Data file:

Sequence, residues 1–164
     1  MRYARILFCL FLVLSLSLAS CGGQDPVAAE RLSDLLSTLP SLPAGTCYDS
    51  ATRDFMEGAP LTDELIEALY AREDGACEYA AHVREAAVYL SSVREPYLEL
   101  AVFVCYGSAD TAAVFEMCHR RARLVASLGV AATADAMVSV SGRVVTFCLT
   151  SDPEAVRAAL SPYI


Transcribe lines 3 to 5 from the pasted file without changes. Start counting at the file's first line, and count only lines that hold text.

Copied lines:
    51  ATRDFMEGAP LTDELIEALY AREDGACEYA AHVREAAVYL SSVREPYLEL
   101  AVFVCYGSAD TAAVFEMCHR RARLVASLGV AATADAMVSV SGRVVTFCLT
   151  SDPEAVRAAL SPYI